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Fieldwork campaign

Levant: Deir Alla (Jordan)

This long term project in Jordan is at the basis of many specialists’ studies and has several off-shoot projects. The project, with its many approaches, is also a framework for much teaching in Levantine Archaeology at Leiden University, especially concerning fieldwork methods, artefact studies, research questions and interpretative theories (including ethnoarchaeology). In this sense it is a window to Southern Levant Archaeology, especially when dealing with Bronze Age and Iron Age societies, but also with those of earlier and later periods.

Contact
Peter Akkermans

Project history

The project was initiated by Henk Franken of Leiden University in connection with biblical studies, with five seasons of fieldwork at the northern slope of the site from1960-67, financed by NWO (then ZWO). It was meant to develop an archaeological chronology, largely independent from biblical chronology and to be based upon careful stratigraphic excavation (Wheeler-Kenyon approach) and a craft-oriented pottery chrono-typology. Some surface exploration and soundings were done in the surrounding region, including the neighbouring Mamluk site of Abu Gourdan.    

Fieldwork was resumed with six seasons from 1976-87, but now as a Joint Project with the Jordanian Department of Antiquities and Yarmouk University (since 1980), with Moawiyah Ibrahim as co-director. Gerrit van der Kooij became co-director for Leiden University in 1979. Jointly the Deir Alla Station for Archaeological Studies was established in 1982, also functioning as a dig house for the international teams and as a small project-museum. Very influential discoveries during the 1960, especially the Late Bronze Age temple and the Iron Age Balaam inscription, triggered the restart, now aiming at a settlement study for the Iron Age II period.

Fieldwork of the Joint Project, now with Zeidan Kafafi as co-director from Yarmouk University, was resumed in 1994 with (till now) five seasons, and continued as a settlement study. The excavations of Iron Age II strata are being finalised and the main focus is on Middle and Late Bronze Age strata outside the northern slope. The settlement study made some fieldwork of the surrounding region necessary, including soundings at the highly endangered site of Tell el-Hammeh, 2.5 kms to the East.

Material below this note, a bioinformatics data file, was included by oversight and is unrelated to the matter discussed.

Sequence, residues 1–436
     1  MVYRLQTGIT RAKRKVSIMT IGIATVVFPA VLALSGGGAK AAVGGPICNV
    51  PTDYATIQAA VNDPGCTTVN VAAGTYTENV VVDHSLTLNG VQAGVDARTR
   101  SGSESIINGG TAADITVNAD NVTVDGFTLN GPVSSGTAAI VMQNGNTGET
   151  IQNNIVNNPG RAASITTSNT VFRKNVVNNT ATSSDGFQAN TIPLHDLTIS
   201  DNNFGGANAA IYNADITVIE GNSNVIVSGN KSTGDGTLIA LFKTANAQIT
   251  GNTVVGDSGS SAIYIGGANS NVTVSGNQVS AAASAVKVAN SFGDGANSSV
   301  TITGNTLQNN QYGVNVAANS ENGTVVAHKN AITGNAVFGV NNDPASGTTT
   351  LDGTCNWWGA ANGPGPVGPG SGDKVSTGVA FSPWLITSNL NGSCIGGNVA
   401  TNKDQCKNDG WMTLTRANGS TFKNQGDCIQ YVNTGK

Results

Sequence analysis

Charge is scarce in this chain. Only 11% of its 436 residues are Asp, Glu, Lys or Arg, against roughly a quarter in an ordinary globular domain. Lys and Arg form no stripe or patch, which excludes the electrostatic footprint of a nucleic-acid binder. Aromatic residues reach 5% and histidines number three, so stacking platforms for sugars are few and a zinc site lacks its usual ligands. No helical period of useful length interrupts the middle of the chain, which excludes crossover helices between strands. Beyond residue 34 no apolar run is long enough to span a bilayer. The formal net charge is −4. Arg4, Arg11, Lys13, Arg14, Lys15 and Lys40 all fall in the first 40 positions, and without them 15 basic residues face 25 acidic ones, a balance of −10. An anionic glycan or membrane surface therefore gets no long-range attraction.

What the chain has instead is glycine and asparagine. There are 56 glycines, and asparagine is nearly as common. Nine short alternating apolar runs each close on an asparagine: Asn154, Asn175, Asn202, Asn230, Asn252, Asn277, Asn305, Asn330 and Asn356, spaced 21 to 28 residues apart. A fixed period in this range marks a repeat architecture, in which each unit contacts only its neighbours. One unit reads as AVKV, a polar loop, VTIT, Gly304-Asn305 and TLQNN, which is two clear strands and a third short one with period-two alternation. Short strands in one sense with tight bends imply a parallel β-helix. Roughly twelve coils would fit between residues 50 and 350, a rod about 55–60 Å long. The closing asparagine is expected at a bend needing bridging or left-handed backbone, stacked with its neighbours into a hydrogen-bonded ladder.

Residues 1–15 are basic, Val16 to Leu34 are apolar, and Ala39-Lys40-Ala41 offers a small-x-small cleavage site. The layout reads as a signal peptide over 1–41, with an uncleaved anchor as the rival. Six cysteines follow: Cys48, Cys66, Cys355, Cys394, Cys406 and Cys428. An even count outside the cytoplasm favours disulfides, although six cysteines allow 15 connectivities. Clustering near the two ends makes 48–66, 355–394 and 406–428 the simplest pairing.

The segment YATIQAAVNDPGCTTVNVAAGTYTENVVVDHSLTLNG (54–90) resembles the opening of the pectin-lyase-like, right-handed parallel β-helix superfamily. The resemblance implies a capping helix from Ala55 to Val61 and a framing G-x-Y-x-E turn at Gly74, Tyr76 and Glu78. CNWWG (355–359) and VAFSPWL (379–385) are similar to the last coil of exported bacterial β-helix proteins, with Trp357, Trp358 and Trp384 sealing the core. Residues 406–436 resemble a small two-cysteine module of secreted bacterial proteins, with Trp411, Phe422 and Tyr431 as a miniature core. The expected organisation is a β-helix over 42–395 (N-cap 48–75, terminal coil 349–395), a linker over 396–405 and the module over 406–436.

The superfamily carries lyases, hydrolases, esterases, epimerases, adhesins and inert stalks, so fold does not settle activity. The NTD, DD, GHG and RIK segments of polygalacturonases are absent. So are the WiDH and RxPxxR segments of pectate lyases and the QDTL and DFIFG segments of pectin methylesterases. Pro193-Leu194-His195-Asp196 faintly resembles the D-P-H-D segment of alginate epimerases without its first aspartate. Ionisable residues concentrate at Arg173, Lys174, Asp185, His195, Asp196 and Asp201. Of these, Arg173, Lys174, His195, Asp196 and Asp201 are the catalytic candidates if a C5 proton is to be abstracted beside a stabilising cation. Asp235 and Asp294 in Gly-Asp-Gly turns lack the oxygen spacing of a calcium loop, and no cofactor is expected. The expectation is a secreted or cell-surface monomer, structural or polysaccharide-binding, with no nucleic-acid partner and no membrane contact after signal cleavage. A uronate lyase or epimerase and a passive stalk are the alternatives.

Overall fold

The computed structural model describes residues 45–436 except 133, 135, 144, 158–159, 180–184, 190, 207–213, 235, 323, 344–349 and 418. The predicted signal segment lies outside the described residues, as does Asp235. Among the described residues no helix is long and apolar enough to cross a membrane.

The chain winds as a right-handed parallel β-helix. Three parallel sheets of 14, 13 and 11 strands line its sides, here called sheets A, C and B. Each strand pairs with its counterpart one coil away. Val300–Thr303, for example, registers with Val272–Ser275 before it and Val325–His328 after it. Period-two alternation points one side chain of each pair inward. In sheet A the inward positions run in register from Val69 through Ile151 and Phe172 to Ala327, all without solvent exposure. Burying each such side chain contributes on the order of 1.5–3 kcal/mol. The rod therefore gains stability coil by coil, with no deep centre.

The study and social interpretation of the Bronze and Iron Age settlement data made it necessary to make a close context study of the surrounding landscape. This resulted in a regional focus of the NWO-funded programmatic project Settling the Steppe …, since 2004 (see separate web-article). The chance discovery of a 10/9th century BC iron smelting site at Tell el-Hammeh resulted in The Iron Track of Jordan project, in cooperation with Delft University, since 2007 (see separate web-article).

Heritage issues

The Deir Alla project, as well as its off-shoots, include heritage management issues.

These are of three kinds:

  1. damage and value assessments in the archaeology of the landscape concerning obvious and hidden settlement sites and installations;
  2. post-excavation care at excavated or sounded sites;
  3. distribution of knowledge about results and study methods in museum context (exhibition and visitors).

Current foci of research and publication process

The final publications of the Iron Age I strata and its pottery, the LB Temple area, and the Medieval site of Abu Gourdan were prepared by Henk Franken. Also the Balaam inscription was published, with a re-evaluation in 1991, as congress procedings.

The resumed excavations and analyses were preliminarily published in 1989, especially dealing with the Iron Age II period. Major studies of the botanical and zoological remains were undertaken at Groningen University, but not yet fully published. Apart from a number of preliminary excavation reports and short studies of specific topics or objects, a major report on the chronology of the Middle and Late Bronze Age strata is published.

Currently three main foci of research are in progress (apart from subjects from the Steppe project and the Iron Track project): 

  1. Final report of the Iron Age II and III excavations: stratigraphy and use of space.
  2. A typological, technological and archaeometric study of the Iron Age II and III pottery (PhD study Niels Groot, with Delft University).
  3. A final report of the Middle and Late Bronze Age excavations mainly those since 1994. The first two are scheduled to finish by 2009 and ’10, the 3d is to follow after that.

General results

Tell Deir Alla is a major site in the Ghor Abu-Obeidah or Zerqa-triangle, the middle part of the East Jordan Valley between Lake Tiberias and Dead Sea with the valley floor some 230 m below sea-level here. The valley is a bioclimatic steppe region, turning into a Sudanese tropical zone wherever groundwater is available. Local irrigation systems are attested for many centuries, but the current irrigation regime is large scale and based upon a general East Jordan Valley water supply and regulation. Current intensive landscape use and settlement density was preceded by a very low degree of use and density (mainly pastoralists) a hundred years ago. However a dense population and use had preceded during Mamluk and early Ottoman times. In fact Tell Deir Alla represents a strongly varying population density and landscape use of the region, especially during the Iron Age II period, with some more stability during the preceding Iron I, Late Bronze Age and Final Middle Bronze Age. During these periods the cultural connections with the surrounding hilly regions and plateau appear to be varied. The orientation could be mainly towards East, or towards West and equally towards both sides. Deir Alla showed also its own idiosyncrasies with little or no clear outside connections attested.

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